The Finest Hours, based on the true story of the valiant 1952 Coast Guard rescue of a sinking oil tanker off the coast of Massachusetts, splits in two much like the wounded vessel at its heart.
There’s the film that’s set on the sea, and much of that is terrific, even if it brings to mind A Perfect Storm. And then there’s the film set on land, and that one runs aground.
Chris Pine is Bernie Webber, a young Coast Guardsman whose daily routine is upended when he’s tasked with heading up a team to save the 30-plus crew from the Pendleton, a wreck drifting in the storm-tossed waters during a vicious winter nor’easter.
Webber and his equally young cohorts — Richard (Ben Foster), Andy (Kyle Gallner, American Sniper) and Ervin (John Magaro, The Big Short) — are the JV squad as the more seasoned sailors have already left to help another ship in distress. But their commanding officer (Eric Bana, whose Southern accent is nearly as much of a disaster as the Pendleton) has no choice but to send them out.
Meanwhile, aboard the Pendleton, the captain and much of the crew have been killed, and it’s up to reclusive but knowledgeable chief engineer Ray Sybert (a good Casey Affleck) to take command of what’s left and try to keep everyone alive until help arrives.
These scenes provide the film with its most suspenseful and rewarding moments and seem to be the ones in which director Craig Gillespie shows the most inspiration.
One sequence, in which orders are being quickly relayed from one crew member to another through the bowels of the ship, is a symphony of movement and tension. The rescue is satisfying — the twin stories of the rescuers and the rescued make for thrilling mirrors of each other.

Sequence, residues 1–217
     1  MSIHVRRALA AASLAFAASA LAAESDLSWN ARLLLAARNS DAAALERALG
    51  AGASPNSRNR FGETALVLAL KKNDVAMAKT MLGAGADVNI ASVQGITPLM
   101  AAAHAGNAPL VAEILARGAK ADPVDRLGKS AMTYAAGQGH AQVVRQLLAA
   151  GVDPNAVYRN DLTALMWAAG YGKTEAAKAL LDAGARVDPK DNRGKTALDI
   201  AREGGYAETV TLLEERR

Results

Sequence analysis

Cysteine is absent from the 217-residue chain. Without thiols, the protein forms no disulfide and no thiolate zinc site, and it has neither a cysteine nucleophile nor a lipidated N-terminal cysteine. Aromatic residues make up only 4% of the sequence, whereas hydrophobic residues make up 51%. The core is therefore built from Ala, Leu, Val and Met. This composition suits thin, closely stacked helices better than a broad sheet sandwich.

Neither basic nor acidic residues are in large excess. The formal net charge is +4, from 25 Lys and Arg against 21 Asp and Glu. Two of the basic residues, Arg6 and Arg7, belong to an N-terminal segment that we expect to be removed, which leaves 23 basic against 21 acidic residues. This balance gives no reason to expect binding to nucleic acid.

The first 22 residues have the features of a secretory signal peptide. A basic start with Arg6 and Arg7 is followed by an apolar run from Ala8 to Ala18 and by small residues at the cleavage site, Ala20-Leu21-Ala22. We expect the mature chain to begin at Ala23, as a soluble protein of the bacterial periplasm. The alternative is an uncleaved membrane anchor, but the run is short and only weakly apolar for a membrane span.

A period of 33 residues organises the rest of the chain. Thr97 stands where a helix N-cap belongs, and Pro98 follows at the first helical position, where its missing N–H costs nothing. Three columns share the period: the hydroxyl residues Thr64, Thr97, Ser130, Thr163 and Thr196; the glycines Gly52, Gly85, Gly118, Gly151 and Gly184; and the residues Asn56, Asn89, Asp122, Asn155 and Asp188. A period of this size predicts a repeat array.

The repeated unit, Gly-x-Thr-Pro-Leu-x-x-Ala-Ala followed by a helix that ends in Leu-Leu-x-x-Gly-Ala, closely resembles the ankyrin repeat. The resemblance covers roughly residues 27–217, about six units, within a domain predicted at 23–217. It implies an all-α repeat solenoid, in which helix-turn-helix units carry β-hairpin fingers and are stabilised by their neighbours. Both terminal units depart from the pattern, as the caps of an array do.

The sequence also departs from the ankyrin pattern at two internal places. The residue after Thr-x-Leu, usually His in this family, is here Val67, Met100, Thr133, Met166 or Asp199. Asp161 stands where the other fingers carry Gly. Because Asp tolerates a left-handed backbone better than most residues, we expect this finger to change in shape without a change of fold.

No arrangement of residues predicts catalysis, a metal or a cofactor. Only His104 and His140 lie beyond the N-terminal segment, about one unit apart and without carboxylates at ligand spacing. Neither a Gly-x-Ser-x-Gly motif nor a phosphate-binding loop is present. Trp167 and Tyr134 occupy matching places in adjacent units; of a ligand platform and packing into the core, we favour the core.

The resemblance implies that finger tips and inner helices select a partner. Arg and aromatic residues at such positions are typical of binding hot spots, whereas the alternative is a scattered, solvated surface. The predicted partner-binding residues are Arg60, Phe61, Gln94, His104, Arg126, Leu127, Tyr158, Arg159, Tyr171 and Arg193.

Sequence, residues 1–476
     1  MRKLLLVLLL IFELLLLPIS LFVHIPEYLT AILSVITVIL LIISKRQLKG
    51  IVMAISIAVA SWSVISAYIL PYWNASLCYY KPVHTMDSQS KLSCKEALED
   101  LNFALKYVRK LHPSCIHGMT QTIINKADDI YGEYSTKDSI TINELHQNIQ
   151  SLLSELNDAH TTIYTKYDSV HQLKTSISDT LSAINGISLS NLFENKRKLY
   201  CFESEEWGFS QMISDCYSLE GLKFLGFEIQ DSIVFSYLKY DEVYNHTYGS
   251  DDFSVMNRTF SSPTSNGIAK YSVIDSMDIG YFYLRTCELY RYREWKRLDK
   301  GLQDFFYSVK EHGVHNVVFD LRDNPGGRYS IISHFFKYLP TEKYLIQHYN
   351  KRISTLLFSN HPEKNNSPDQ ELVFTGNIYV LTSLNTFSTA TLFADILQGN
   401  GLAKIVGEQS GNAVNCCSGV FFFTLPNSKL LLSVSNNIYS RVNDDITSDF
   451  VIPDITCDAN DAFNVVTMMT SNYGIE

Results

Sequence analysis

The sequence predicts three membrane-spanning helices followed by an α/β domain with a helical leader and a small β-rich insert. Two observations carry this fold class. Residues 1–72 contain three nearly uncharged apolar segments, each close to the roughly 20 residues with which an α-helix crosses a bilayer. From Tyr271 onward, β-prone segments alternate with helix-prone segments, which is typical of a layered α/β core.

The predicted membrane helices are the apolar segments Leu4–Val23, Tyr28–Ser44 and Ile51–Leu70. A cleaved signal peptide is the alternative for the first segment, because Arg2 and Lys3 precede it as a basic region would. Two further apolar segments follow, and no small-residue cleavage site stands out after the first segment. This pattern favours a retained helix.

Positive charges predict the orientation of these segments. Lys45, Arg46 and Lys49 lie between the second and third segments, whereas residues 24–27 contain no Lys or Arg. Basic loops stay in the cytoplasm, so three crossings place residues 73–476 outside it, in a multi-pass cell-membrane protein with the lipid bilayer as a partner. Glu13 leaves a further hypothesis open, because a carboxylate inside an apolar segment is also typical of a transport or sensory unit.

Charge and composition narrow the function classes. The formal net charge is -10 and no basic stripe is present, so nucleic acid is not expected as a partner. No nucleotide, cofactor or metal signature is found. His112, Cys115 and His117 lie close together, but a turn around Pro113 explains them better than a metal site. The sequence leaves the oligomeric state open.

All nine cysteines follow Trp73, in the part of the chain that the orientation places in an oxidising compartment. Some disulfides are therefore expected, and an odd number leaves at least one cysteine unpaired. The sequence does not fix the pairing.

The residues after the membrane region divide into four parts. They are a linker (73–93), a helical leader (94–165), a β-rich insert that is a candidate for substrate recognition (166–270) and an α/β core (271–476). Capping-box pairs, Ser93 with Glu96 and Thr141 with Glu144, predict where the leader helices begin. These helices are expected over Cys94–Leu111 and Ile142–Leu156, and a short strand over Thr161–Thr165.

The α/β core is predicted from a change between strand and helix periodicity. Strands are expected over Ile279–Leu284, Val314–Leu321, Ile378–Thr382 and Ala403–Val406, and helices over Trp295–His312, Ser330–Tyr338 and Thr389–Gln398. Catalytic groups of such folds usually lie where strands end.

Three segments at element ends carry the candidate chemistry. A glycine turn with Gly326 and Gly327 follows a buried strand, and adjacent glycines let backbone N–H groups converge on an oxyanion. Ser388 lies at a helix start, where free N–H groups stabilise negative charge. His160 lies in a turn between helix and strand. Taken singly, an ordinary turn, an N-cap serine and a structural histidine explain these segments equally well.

Yet those stories are interrupted to go back to town, where Webber’s headstrong fiancée, Miriam (Holliday Grainger, The Borgias), waits anxiously for him to return. This is where The Finest Hours bogs down; the romantic element is the film’s weakest. The one upside here is Rachel Brosnahan (from the Manhattan TV series) as a woman whose sailor husband died in a similar storm years earlier.
Back at sea, Foster, one of the best actors around, is underused and doesn’t have much to do. The focus remains on Pine, who’s rather stiff, especially in his scenes with Grainger before he heads out on the mission. There might be similarities in these segments to the ’50s charm of Brooklyn, but there is little of the romantic electricity of that film.
Gillespie and cinematographer Javier Aguirresarobe plunge the viewer into the heart of the storm, and many of the scenes in town glow as if shot through a scrim of nostalgia and memory. Still, some of the ocean effects and CGI are not as convincing as others, and the 3D doesn’t add anything. The same goes for the Boston accents, which are notoriously difficult for actors to handle without lapsing into parody.
Ultimately, The Finest Hours doesn’t sink, but it can’t avoid its own choppy cinematic waters, either.
‘The Finest Hours’
Rated PG-13 for intense sequences of peril. 1:57. 2D and 3D: Fayette Mall, Frankfort, Hamburg, Nicholasville, Richmond, Winchester, Woodhill.